People gathering and smiling

These days, Local Alike is one of the more established start-ups in Thailand . But it was nearly impossible to raise capital when Pai Somsak Booknam started the company, he says. While several social enterprises, or startups focused on solving societal problems, are starting to gain traction in Thailand today, they were nearly unheard of 10 years ago. And investors certainly weren’t interested. Booknam said he pitched to more than 15 investors and each one turned him down. 

Picture of Booknam
Pai Somsak Booknam, founder of Local Alike, pivoted his company when the pandemic hit.

“After many fails, I decided, ‘Okay, no more talking with VCs,’” he said.

Instead, Booknam took advantage of entrepreneurship competitions that were just starting to take off in the Asian Pacific. Local Alike won two competitions right off the back: BanPu Champion for Change, a contest for social enterprises funded by Asian energy company Banpu Public Company Limited, and a best startup award from AIS the Startup, a global accelerator. 

Booknam continued entering competitions and the grants he earned served as enough seed money to get him started. But he said the process was even more valuable because the competitions offered advice on how to run a successful company. Competitions are a way to help startups learn how to grow, says Nae Nae Chairatchaneeboon, a business development associate at Thailand tech incubator Disrupt Technology Ventures. 

Chairatchaneeboon helps with Disrupt’s annual Hackathon, where tech startups can compete for prizes. This year focused on developing edtech for schools and social impact startups. She said she received over 200 applications, despite the pandemic.

“A lot of people in Thailand actually are passionate about resolving social issues,” Chairatchaneeboon said. “And some may not have the tech aspect to it yet, but we do see the potential of it growing in the future and scaling into the international market.”

COVID-19 has presented challenges for many of these budding entrepreneurs. A report from the Global Entrepreneurship Monitor said that between 30% and 50% of pre-crisis Thai startups are likely to perish. 

But Pun Jaruthassanakul sees a different picture. “It’s been not as bad as you would expect initially,” said Jaruthassanakul, a senior investment manager at 500 Tuktuks, a $10 million East Asian venture capital microfund. “For a lot of the companies, it’s actually been a net positive.”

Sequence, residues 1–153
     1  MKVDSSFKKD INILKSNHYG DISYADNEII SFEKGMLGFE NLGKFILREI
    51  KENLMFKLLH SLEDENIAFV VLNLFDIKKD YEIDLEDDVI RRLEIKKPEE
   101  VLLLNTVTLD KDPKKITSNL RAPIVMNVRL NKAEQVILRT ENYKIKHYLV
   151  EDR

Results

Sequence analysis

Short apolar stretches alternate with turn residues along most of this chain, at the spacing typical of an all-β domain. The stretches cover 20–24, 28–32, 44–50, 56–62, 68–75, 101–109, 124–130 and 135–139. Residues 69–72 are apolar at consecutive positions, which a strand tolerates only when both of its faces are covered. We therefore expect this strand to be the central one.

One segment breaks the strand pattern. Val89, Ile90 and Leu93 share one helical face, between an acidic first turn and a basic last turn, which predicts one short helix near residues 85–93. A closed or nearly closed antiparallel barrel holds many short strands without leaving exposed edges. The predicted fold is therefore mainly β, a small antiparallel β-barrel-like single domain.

The fund has invested in 70 companies in the Asian Pacific region, is part of the 500 Startups fund family. The Silicon Valley venture capital network has funded over 2,000 companies globally.

Out of 500 TukTuks’ portfolio of 70 companies, Jaruthassanakul said about 10 have been heavily affected by the coronavirus. A greater concern lies in whether new startups will form during this time, as recent college graduates face economic hardships and investors become potentially more selective. 

Jaruthassanakul said funding for companies at the seed stage dried up at the beginning of the pandemic, but has started to bounce back. 500 TukTuks made 20 investments in 2019 and has only made one in 2020. But just in the last month, as Thailand’s lockdown came to an end, the VC began talks to make four to six new investments.

500 TukTuks is one of the very few VCs in Thailand to come from investment hubs like Silicon Valley, Jaruthassanaku said. Most investors are Thai themselves. Thailand’s neighbors Vietnam, Indonesia and Singapore get more attention from international investors for a number of reasons. Fewer people in Thailand speak English and fewer pursue an education in technology. There are also fewer Thai expats spread across the world, Cheah says. 

Ultimately, one IPO, or one major merger and acquisition from a Thai startup could help the whole ecosystem, Jaruthassanakul said. 

“We haven’t had a culture similar to what you have in Silicon Valley, where you can entice people with stock options and equity in the company, because nobody here has gotten rich by selling their stake in a startup yet,” Jaruthassanakul said. “But if we have a big m&a or an exit, then we can recycle the money, recycle the talent, and then people have something to look up to, something much more concrete.”

There are a few startups on the horizon who could make this happen, Jaruthassanakul says. One is Wongnai, an app that started similar to Yelp, but has since merged with Lineman, the delivery vertical of Tokyo-based software company Line. 

Booknam says he’d like to go public one day. For the first time, he said the company is talking with more than 10 investors, all offering one to three million dollars in capital. The money would really help Local Alike deepen their services in local communities, allowing for even more tour options and an expansion of the new Local Alot marketplace. But Booknam says he only wants to expand as long as the Thai villages he works with can prosper with him. 

“If we grow too much, but the community doesn’t grow with us, it’s a negative impact rather than a positive impact,” he said. “My vision is that local communities, every single one has to be able to stand up on their own.” 

This story and others on New Builders Dispatch are made possible by a sponsorship from the Ewing Marion Kauffman Foundation. The Ewing Marion Kauffman Foundation is a private, nonpartisan foundation that provides access to opportunities that help people achieve financial stability, upward mobility, and economic prosperity – regardless of race, gender, or geography. The Kansas City, Mo.-based foundation uses its grantmaking, research, programs, and initiatives to support the start and growth of new businesses, a more prepared workforce, and stronger communities. For more information, visit and connect with and